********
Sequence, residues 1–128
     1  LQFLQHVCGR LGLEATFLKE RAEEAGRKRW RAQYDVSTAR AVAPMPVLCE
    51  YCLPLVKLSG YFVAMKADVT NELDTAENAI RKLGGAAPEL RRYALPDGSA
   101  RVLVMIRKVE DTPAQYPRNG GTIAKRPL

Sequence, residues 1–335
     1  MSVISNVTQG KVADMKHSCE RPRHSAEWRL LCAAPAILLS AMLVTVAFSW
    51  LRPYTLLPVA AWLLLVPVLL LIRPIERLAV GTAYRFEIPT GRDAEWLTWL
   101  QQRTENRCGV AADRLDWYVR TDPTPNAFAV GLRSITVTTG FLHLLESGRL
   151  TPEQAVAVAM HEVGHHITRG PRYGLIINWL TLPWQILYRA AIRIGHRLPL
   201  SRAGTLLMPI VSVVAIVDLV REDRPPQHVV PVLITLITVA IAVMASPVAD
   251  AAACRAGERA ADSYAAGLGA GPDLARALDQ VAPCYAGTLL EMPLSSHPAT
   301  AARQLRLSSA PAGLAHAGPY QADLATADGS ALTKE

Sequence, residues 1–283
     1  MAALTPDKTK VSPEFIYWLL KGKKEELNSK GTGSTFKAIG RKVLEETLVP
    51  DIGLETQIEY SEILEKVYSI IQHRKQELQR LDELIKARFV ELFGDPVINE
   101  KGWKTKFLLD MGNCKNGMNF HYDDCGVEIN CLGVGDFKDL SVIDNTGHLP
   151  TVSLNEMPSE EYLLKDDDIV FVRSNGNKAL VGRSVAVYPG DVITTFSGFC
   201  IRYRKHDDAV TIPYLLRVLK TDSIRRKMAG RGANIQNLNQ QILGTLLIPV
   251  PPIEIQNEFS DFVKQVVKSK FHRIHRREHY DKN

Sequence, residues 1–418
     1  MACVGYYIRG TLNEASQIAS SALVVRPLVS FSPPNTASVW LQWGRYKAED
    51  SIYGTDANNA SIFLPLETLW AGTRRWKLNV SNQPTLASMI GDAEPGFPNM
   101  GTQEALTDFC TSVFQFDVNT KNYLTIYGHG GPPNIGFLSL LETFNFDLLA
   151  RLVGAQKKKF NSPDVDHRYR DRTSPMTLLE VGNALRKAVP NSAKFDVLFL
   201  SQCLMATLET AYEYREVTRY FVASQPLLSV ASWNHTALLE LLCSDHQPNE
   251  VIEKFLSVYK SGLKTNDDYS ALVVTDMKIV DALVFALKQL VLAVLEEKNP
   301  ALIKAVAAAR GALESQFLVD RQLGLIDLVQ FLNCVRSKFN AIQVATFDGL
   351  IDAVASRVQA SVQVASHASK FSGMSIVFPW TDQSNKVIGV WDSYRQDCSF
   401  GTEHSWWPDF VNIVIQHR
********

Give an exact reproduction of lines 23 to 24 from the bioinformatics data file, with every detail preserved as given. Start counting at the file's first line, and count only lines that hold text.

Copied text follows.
   101  GTQEALTDFC TSVFQFDVNT KNYLTIYGHG GPPNIGFLSL LETFNFDLLA
   151  RLVGAQKKKF NSPDVDHRYR DRTSPMTLLE VGNALRKAVP NSAKFDVLFL